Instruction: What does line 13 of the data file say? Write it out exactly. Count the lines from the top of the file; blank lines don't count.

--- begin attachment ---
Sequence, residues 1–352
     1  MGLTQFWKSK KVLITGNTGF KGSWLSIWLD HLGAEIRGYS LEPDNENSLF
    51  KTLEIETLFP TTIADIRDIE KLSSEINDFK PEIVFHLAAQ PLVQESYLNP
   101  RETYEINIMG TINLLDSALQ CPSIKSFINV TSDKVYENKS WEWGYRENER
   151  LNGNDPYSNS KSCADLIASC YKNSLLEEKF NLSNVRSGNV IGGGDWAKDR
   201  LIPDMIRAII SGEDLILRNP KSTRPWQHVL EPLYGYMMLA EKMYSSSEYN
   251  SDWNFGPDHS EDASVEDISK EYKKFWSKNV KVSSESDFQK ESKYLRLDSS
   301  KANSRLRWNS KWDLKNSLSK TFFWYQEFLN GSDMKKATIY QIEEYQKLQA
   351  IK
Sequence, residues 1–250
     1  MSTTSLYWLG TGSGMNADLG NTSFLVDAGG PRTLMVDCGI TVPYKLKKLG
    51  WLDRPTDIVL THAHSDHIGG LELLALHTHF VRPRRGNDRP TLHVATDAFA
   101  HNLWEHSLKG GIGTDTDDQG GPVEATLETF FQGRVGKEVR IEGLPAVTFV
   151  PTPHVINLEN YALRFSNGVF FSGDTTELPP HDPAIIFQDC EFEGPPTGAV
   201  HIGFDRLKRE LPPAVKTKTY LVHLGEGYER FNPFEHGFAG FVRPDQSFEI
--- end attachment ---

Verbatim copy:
   101  HNLWEHSLKG GIGTDTDDQG GPVEATLETF FQGRVGKEVR IEGLPAVTFV